During 1969–1974 in the United States District Court for the Northern District of California, a series of civil antitrust cases were heard that came to be known as In re Gypsum Antitrust Cases. As a result, USG (together with National Gypsum Company and Kaiser Gypsum Company) were found to have violated § 1 of the Sherman Act for conspiring to establish and maintain prices of gypsum wallboard.
In December 2012, USG (together with National Gypsum, Lafarge North America and Georgia-Pacific), was accused in a class action for allegedly violating federal antitrust laws, through raising prices on drywall products by as much as 35 percent, as well as halting a longstanding practice of letting customers lock in prices for the duration of a construction project. USG stated that it did not participate, or engage in, any unlawful conduct.
In November 1986 the Belzberg brothers of Canada attempted a hostile takeover of USG. USG immediately instituted a plan to buy back 20 percent of its common stock in an effort to fend off the takeover. By December 1986, however, USG had purchased Samuel, William, and Hyman Belzberg's 4.9 percent stake, for $139.6 million.
In October 1987, Texas oilman Cyril Wagner Jr. and Jack E. Brown, through Desert Partners, LP, attempted a hostile takeover of USG, buying 9.84% of USG's outstanding stock. USG decided to fight this attempt by offering $42 per share ($37 in cash and $5 in pay in kind debenture) plus a stub stock worth $7. Desert Partners was unable to match the offer and lost the proxy fight at a shareholder's meeting. To pay for the offer, USG took a poison pill by borrowing $1.6 billion from 135 banks, and issuing $600 million in 13.25% subordinated debentures due in 2000 and $260 million in 16% pay-in-kind debentures due in 2008. To help pay for all the new debt, USG sold off:
and instituted large workforce reductions.
The sell-off and workforce reduction of 7% were not enough to allow USG to service the debt payments ($800,000 per day) in the economic downturn. The poison pill was too much for the corporation to survive.
On March 17, 1993, USG filed a pre-packaged bankruptcy petition that included a 50-to-1 reverse stock split. USG's stock dipped to 28 cents per share and the corporation emerged from bankruptcy 38 days later on May 6, 1993. The corporation's debt was reduced by $1.4 billion and interest costs dropped from $320 million per year to $170 million per year. The plan worked and USG re-emerged to be a profitable corporation.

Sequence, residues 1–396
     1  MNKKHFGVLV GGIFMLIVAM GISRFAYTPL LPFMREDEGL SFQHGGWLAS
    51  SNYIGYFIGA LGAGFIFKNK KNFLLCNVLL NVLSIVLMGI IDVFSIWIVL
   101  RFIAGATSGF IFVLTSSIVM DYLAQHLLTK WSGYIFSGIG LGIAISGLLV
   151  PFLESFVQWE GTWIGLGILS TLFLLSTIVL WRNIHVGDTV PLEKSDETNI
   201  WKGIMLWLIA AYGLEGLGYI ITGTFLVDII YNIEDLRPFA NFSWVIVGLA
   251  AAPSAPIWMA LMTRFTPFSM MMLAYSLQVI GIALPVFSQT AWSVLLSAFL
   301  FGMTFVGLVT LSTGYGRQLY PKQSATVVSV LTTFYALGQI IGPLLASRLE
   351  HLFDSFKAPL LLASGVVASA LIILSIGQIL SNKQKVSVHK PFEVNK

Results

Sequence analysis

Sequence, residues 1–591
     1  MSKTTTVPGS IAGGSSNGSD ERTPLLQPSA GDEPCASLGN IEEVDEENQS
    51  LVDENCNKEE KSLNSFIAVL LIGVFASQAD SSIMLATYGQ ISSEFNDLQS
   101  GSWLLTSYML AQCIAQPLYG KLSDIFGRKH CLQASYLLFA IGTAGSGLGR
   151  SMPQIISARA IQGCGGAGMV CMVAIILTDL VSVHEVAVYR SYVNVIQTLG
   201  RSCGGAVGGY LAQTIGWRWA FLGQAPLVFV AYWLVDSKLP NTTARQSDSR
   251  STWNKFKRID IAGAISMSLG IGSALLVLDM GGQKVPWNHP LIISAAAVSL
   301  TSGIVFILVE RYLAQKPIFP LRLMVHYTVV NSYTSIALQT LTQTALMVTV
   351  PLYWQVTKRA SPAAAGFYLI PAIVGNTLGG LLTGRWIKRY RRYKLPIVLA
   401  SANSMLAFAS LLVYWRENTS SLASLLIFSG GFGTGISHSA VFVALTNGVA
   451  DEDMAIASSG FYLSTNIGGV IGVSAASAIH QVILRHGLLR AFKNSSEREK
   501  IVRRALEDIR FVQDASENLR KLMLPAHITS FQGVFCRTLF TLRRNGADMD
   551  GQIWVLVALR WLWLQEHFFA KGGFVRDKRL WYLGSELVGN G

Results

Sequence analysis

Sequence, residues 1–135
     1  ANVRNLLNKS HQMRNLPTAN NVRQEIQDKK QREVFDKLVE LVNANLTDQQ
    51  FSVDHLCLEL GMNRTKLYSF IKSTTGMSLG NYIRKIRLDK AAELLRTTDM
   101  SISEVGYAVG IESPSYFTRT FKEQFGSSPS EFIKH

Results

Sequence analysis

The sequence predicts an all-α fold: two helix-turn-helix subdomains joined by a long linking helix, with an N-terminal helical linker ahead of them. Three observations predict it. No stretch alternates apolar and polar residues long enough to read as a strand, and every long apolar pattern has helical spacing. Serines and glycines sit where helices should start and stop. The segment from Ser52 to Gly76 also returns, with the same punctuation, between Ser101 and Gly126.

USG once again declared bankruptcy on June 25, 2001, under Chapter 11 to manage the growing asbestos litigation costs. USG was the eighth company in an 18-month period that was forced to utilize Chapter 11 to resolve asbestos claims. In the prior two decades, 27 companies filed for protection under Chapter 11 because of asbestos litigation. Since 1994, U.S. Gypsum was named in more than 250,000 asbestos-related personal injury claims, and paid more than $450 million (before insurance) to manage and resolve asbestos-related litigation. USG received more than 22,000 new claims since the beginning of 2001. USG's asbestos personal injury costs (before insurance) rose from $30 million in 1997 to more than $160 million in 2000, and were expected to exceed $275 million in 2001.
On February 17, 2006, USG announced a Joint Plan of Reorganization to emerge from bankruptcy. Under the agreement, USG would create a trust to pay asbestos personal injury claims. USG's bank lenders, bondholders and trade suppliers would be paid in full with interest. Stockholders would retain ownership of the company. To pay for the trust USG would use cash it had accumulated during the bankruptcy, new long-term debt, a tax rebate from the federal government, and an innovative rights offering. Existing USG stock owners would be issued rights to buy new USG stock at a set price of $40 per share. These rights could be exercised or sold. The $1.8 billion rights offering would be backstopped by Berkshire Hathaway Inc., meaning Berkshire Hathaway would buy all the new shares not bought. For the service, USG would pay Berkshire Hathaway a $67 million non-refundable fee.
On June 20, 2006, USG announced their Joint Plan of Reorganization was confirmed by two judges for the United States Bankruptcy Court and the United States District Court for the District of Delaware, allowing the company to complete the bankruptcy case and emerge from bankruptcy. USG announced a $900 million payment to the new trust was made that day and two subsequent payments totaling $3.05 billion would be made within the next 12 months if Congress failed to enact legislation establishing a national asbestos personal injury trust fund, such as the FAIR Act.